While singing is an integral part of the EN-ACTEs 45-minute show,
several of the actors come in without musical training. Not that thats
Were not looking for voices as much as a spark of potential
trainability, DuFour said. Someone like Brandon Henderson. The 15-year-old
Redan High School student is EN-ACTEs youngest member and, despite
no formal music training has become EN-ACTEs human beat box, providing
the background to accompany the a cappella performances.
Because of their programs rough content, EN-ACTE has not performed in public schools. It has appeared at some private schools, but most of its shows are in front of other types of youth groups.
Earlier this month, the company performed in front of about 400 teenagers
with the Metro Atlanta Job Corps. Many audience members were high-school
dropouts; the large majority African American.
EN-ACTE has performed on campus only occasionally. Once to Alpha Kappa
Alpha sorority, once to the CDC and most recently to servant leadership
in the ethics center.
While EN-ACTE has been quite successful on stage, funding has been a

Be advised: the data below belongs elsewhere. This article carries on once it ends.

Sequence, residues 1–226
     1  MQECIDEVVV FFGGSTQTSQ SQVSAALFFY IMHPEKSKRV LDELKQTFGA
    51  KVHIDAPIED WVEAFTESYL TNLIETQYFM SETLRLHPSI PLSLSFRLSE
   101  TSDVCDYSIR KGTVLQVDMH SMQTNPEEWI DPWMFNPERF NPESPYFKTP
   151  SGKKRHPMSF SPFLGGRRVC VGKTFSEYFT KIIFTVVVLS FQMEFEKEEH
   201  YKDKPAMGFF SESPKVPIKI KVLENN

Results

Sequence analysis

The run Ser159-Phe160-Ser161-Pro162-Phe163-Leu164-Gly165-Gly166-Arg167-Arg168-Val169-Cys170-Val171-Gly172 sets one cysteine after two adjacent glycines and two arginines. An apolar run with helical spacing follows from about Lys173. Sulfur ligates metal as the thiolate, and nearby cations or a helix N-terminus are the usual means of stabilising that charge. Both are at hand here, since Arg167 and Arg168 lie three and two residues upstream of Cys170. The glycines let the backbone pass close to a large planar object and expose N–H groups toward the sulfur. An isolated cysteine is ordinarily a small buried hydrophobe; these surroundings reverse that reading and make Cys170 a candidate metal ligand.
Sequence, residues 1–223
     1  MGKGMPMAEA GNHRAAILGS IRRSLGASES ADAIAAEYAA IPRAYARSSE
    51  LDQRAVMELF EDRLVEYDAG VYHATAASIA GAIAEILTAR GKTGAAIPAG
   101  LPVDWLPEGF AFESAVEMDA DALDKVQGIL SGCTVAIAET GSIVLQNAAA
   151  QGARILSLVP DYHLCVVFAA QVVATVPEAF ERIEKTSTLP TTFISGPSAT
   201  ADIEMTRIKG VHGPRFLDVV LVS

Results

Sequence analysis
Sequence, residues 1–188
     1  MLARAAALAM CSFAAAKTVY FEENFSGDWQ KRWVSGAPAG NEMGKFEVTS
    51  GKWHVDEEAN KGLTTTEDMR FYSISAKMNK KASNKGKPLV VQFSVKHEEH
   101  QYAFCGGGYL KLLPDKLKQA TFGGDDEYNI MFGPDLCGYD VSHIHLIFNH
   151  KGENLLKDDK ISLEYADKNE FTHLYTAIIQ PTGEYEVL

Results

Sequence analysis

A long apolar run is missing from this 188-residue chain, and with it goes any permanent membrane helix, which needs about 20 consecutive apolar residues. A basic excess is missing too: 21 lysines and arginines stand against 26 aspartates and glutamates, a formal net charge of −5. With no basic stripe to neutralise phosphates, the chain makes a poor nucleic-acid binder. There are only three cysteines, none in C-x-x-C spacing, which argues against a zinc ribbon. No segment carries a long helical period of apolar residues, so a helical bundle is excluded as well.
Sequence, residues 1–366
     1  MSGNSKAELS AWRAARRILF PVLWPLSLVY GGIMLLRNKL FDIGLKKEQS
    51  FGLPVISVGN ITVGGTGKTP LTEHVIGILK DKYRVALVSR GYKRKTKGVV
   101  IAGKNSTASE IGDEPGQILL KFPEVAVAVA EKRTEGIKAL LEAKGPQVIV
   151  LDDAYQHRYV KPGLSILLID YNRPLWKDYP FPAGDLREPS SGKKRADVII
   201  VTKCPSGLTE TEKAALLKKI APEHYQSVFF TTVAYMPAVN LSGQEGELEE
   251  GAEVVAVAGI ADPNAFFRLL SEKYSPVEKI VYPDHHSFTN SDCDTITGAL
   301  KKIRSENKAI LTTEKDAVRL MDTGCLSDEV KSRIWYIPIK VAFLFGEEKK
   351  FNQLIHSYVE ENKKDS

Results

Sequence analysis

constant struggle. For instance, for the first three months after the
program started, Hornbeck had to pay actors out of his own pocket. However,
the situation appears to be changing.
In May, EN-ACTE received a $5,000 challenge grant from the Denver-based
Gill Found-ation, which supports HIV prevention efforts. And earlier this
month EN-ACTE was rewarded with another $5,000 grant, this one from the
More Emory money is one the way as well. A sponsored program of pediatrics
since its creation, the theater studies department will soon share sponsorship.
The agreement is complete, digging up the final funding is the only remaining
hurdle. A formal relationship with theater studies would open all sorts
of doors for EN-ACTE, Hornbeck said, as well as raise its profile on campus.
Were really beginning to build some bridges here at the University,
EN-ACTE also has been accepted into Georgia Shares, which is one of Emorys charitable partners in it new Emory Gives program (click here for story). This fall, the Emory community will be able to contribute directly to the program.